By Jordan W. Charness
This week’s column deviates a little from my regular content because it actually looks at the details that I have to examine into before answering questions that I receive.
In this particular case, someone asked me to look into a serious problem they were having with their insurance company. For some unexplained reason, the owner of a car failed to renew his Ontario driver’s licence. He then had a major accident and his insurance company refused to pay out basing their decision on the Ontario law that requires motorists to have a valid driver’s licence for that type of vehicle for the insurance to remain in effect.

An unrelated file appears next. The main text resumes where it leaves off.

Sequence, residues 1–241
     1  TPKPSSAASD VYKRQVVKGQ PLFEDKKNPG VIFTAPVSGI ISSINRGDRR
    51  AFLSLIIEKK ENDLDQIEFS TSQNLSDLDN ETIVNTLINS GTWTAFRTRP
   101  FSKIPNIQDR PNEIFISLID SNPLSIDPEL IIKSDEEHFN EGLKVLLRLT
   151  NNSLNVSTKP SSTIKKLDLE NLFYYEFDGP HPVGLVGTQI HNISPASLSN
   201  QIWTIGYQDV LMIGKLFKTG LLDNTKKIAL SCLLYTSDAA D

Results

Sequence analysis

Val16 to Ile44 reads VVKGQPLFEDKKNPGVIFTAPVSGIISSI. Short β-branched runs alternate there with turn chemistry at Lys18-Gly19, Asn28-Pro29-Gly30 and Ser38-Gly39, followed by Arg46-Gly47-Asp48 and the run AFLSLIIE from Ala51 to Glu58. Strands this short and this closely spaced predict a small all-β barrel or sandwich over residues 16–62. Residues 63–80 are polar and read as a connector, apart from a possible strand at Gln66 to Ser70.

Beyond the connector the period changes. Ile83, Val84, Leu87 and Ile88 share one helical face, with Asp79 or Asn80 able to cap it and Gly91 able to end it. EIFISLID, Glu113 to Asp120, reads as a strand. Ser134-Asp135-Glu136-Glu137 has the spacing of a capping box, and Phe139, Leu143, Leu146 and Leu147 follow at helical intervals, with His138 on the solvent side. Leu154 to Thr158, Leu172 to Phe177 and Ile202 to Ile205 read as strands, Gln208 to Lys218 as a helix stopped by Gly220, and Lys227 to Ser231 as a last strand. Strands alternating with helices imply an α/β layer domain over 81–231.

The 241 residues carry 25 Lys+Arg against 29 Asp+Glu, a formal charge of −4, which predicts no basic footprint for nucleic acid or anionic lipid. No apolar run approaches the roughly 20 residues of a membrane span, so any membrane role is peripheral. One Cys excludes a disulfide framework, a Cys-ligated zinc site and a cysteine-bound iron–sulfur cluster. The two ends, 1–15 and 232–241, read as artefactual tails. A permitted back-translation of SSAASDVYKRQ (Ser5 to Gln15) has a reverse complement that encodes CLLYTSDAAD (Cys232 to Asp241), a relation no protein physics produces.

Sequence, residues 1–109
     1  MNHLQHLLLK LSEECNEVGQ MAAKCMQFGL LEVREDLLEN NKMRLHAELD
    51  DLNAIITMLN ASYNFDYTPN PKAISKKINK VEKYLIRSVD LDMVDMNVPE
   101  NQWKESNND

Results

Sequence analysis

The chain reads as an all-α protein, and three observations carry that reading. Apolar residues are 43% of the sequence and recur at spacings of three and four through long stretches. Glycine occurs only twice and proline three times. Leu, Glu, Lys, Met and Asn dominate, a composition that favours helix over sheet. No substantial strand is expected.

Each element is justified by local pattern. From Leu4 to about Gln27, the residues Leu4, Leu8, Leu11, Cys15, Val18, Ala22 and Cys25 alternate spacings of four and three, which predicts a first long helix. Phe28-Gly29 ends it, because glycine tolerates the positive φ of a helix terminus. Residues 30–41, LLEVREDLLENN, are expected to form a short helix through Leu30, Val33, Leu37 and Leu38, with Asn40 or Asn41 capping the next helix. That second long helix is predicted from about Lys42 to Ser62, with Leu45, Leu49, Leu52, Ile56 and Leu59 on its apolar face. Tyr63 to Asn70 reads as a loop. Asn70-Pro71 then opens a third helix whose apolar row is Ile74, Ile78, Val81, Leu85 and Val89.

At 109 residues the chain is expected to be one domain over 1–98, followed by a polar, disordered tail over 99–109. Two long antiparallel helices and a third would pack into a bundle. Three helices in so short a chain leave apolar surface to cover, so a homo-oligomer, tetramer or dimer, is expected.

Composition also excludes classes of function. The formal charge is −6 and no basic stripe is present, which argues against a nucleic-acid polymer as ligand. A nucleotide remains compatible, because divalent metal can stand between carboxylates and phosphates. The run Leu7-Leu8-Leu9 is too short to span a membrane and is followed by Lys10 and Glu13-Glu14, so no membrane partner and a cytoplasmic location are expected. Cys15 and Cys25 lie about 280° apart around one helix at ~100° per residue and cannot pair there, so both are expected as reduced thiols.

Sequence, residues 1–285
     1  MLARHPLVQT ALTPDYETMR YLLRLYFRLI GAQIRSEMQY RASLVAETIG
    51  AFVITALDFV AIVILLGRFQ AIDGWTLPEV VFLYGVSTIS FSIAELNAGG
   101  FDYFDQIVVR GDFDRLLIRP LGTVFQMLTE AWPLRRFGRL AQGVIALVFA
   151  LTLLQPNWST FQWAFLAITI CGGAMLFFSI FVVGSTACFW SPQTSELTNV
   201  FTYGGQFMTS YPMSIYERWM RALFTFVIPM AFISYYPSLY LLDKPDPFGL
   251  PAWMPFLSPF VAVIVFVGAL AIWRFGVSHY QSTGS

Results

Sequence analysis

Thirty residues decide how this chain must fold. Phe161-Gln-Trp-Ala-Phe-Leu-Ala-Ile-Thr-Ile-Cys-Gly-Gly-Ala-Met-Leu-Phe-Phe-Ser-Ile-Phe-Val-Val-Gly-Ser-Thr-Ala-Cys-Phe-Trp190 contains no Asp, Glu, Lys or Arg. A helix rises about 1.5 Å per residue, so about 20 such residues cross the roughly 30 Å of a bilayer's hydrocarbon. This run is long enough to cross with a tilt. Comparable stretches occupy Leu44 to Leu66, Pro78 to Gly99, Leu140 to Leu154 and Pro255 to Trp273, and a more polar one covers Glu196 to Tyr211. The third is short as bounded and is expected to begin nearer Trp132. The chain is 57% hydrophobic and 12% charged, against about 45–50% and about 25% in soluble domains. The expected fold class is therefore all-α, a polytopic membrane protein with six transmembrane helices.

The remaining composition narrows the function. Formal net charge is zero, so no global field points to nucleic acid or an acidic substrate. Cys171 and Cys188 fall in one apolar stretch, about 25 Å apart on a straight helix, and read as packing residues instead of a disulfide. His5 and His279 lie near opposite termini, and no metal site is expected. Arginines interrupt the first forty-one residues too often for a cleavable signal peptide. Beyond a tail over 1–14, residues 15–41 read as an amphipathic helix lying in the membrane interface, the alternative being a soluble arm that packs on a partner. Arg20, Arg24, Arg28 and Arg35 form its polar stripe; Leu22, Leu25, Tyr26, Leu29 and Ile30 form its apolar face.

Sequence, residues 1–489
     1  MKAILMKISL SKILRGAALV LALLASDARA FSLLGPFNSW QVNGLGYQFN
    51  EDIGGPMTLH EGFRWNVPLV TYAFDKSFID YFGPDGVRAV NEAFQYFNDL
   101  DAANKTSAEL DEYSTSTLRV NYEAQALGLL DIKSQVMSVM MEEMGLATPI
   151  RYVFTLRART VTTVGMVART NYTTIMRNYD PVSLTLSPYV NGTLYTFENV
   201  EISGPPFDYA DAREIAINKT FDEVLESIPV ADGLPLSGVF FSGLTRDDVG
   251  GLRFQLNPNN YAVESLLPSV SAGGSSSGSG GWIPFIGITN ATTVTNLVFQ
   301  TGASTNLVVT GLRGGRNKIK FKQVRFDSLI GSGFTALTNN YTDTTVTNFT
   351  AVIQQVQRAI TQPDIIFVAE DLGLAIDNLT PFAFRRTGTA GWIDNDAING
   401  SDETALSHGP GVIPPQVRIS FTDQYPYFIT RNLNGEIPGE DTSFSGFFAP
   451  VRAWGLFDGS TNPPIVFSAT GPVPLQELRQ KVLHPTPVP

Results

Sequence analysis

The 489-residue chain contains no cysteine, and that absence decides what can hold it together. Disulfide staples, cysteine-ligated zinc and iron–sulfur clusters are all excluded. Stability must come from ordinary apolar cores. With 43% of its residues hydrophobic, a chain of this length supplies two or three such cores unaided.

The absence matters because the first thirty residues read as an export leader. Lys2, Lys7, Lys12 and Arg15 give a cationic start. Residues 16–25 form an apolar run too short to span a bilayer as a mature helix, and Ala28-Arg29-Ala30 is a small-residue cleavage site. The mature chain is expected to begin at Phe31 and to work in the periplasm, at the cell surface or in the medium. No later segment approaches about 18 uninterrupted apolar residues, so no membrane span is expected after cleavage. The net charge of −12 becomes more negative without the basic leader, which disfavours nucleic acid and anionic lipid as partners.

He wanted to know if, because of the fact that he had had his driver’s licence revoked for non-payment rather than because he had too many points, if that would be sufficient to require the insurance company to pay his claim.
Here is a part of the answer that I gave him when he posed this question on my.
“The first questions that you need to answer are: Did you know that you had to pay for your driver’s licence? Did you receive a notification or renewal?
If you did receive a renewal and simply forgot to pay for it, you will not have much of a leg to stand on.
About 10 years ago, there were several cases in Ontario where people sued their insurers who had refused to pay their claims based on the fact that they had not paid for their driver’s licences. Some judges at that time concluded that if you had an honest and mistaken belief that your licence was current, paid for and up-to-date, and had not received any type of notification or reminder telling you to pay, then you could rely on section 129 of the insurance act which provides as follows: